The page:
For the Thunder, the cost of adding Harpring and Maynor is much lower. Oklahoma City will be responsible for the remaining $1.7 million on Harpring’s deal not covered by insurance, which means effectively the Thunder bought Maynor for that cost. When first-round picks are sold, they usually go for $3 million, which is the most cash a team can include in any NBA trade. For example, that was the reported amount the L.A. Lakers got from New York in exchange for the 29th overall pick (used on Toney Douglas), nine picks after Utah drafted Maynor.

In making the deal, Thunder GM Sam Presti relied on the the team’s space under the salary cap. A close reading of Larry Coon‘s indispensable CBA FAQ reveals a hidden benefit to the deal. Because Oklahoma City is under the cap, it is not bound by the usual rules that prevent teams from packaging newly-acquired players in multiple-player deals for the next two months (a period that would ordinarily extend past the trade deadline at this point). So the Thunder is free to use Harpring’s expiring contract again. By the deadline insurance will cover nearly all of his remaining salary, an additional bonus to teams looking to save money.

Essentially, this is a win-win deal made possible by the two teams’ contrasting positions relative to the cap. For Utah, this is the culmination of a process the Portland Trail Blazers helped set in motion by extending an offer sheet to Millsap and forcing the Jazz to pay him market value despite the luxury-tax ramifications. As a result, Utah has to forfeit a useful young player and downgrades slightly in the short term from Maynor to Ronnie Price. In Oklahoma City’s case, this is the latest example of Presti using the team’s salary flexibility to add assets. Maynor has been a capable backup point guard for Utah as a rookie and gives the Thunder a long-term answer at the position behind starter Russell Westbrook. In Maynor’s limited minutes, his assist ratio is sixth in the league, trailing a group of the NBA’s best point guards (Steve Nash, Rajon Rondo, Chris Paul, former teammate Deron Williams and Jason Kidd).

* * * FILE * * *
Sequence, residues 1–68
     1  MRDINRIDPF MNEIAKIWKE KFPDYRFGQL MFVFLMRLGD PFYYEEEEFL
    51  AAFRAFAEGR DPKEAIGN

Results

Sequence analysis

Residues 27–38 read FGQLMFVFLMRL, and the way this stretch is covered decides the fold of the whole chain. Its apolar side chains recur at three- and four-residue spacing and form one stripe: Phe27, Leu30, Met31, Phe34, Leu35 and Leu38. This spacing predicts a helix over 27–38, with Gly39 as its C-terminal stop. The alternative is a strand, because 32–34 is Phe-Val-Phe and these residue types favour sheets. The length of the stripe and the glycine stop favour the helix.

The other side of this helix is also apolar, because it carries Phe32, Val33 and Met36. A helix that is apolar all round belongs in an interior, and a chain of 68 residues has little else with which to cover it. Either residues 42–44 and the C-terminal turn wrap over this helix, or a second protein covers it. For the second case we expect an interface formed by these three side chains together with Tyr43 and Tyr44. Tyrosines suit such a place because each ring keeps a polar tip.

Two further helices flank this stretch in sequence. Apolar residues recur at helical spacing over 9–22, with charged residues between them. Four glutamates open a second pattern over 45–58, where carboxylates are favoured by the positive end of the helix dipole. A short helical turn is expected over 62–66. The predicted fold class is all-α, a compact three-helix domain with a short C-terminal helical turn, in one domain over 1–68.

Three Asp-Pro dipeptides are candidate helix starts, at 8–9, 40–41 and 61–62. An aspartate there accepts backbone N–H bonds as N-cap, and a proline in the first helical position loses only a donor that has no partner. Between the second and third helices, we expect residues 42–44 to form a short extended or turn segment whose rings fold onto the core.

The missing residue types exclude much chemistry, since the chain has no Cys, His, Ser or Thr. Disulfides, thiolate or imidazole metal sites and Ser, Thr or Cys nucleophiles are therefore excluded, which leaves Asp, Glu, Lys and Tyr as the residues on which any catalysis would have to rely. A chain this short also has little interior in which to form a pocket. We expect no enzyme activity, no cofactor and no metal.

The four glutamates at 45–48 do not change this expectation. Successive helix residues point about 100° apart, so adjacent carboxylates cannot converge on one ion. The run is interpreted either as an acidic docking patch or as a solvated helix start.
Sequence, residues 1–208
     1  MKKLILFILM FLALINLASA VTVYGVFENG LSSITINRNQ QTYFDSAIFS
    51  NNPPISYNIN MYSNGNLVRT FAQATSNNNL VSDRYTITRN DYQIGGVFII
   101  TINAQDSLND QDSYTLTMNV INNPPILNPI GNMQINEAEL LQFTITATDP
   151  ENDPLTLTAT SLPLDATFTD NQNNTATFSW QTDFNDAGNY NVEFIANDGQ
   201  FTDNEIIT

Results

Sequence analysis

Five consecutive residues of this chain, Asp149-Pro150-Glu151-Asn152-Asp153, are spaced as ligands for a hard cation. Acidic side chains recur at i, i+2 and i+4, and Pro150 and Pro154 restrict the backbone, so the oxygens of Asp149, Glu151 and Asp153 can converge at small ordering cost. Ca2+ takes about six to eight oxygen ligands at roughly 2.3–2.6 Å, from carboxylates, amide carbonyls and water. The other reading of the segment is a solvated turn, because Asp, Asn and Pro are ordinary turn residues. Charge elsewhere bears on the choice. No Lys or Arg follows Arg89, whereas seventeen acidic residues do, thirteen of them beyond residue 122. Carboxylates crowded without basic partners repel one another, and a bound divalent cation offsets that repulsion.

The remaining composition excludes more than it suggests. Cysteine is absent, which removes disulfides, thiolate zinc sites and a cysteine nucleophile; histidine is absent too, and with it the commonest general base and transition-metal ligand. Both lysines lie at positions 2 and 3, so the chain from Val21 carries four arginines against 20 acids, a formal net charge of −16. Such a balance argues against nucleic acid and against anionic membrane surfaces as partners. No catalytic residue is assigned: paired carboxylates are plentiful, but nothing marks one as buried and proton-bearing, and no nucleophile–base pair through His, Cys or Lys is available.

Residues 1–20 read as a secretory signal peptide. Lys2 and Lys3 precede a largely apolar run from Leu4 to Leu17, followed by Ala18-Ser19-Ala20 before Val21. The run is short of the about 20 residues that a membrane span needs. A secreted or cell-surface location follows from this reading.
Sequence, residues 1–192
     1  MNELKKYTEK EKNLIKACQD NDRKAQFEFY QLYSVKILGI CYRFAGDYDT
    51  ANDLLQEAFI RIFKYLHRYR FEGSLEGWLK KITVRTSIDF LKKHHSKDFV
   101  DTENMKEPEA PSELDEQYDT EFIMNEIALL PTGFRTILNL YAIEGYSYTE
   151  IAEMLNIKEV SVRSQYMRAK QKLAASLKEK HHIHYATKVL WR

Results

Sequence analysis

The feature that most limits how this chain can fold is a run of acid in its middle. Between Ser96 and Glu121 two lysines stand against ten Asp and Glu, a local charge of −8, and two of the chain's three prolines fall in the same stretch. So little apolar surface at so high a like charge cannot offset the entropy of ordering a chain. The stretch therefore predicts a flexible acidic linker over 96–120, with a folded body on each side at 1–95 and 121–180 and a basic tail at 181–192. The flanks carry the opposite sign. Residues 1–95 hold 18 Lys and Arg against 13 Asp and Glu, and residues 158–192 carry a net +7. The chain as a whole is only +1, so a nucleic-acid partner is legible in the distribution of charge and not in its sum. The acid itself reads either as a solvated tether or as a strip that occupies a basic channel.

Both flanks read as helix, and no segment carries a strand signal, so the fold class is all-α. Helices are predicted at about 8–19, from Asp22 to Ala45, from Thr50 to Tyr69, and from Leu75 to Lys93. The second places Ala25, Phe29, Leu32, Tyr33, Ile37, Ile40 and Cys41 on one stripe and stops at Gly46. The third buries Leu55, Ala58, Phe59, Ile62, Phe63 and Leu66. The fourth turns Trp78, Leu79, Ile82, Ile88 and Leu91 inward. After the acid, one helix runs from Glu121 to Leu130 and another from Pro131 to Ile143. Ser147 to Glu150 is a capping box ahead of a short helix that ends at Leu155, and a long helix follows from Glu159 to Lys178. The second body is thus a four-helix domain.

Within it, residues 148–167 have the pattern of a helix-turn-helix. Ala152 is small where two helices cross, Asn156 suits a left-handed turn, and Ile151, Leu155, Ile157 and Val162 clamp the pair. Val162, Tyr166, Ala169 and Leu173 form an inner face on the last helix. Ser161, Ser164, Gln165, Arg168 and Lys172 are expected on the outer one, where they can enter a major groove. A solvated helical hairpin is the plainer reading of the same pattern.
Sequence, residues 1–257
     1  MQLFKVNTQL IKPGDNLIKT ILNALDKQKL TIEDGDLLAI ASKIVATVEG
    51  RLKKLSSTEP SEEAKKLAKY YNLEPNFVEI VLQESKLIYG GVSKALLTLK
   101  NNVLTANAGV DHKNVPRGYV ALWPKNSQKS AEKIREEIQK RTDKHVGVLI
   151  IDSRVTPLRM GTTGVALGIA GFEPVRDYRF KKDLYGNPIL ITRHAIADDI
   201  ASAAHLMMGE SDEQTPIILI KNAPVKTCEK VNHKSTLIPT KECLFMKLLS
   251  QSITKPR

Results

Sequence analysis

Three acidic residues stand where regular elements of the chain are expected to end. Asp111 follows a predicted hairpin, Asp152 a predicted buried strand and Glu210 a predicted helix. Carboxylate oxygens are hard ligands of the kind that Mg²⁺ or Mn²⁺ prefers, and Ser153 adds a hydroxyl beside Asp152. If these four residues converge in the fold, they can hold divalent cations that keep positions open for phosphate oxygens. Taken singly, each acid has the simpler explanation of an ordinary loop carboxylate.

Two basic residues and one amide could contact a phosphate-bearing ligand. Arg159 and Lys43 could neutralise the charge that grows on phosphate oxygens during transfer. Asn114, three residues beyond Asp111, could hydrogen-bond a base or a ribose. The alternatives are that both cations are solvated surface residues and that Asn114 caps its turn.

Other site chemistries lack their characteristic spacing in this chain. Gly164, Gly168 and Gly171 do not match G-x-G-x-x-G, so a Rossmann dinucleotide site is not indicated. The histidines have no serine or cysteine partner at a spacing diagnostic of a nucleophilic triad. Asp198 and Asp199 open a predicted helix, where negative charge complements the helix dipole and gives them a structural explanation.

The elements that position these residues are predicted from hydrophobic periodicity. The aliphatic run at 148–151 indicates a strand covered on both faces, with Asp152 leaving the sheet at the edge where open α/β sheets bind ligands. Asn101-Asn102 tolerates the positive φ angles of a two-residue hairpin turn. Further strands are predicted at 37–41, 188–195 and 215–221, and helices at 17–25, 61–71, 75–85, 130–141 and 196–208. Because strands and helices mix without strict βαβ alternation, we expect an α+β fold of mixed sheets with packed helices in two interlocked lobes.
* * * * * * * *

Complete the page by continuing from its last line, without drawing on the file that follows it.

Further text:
The funny part of the deal is resurrecting the name of Fehse, drafted in the second round seven years ago when the team was still in Seattle. That was so long ago it was prior to my time working for the Sonics, when I was writing about the team on SonicsCentral.com and filed this story about the selection of Fehse. Suffice it to say he does not figure in the Jazz’s plans, but league rules require teams to get something back in the trade, which is why these rights are often passed around years after a player was drafted.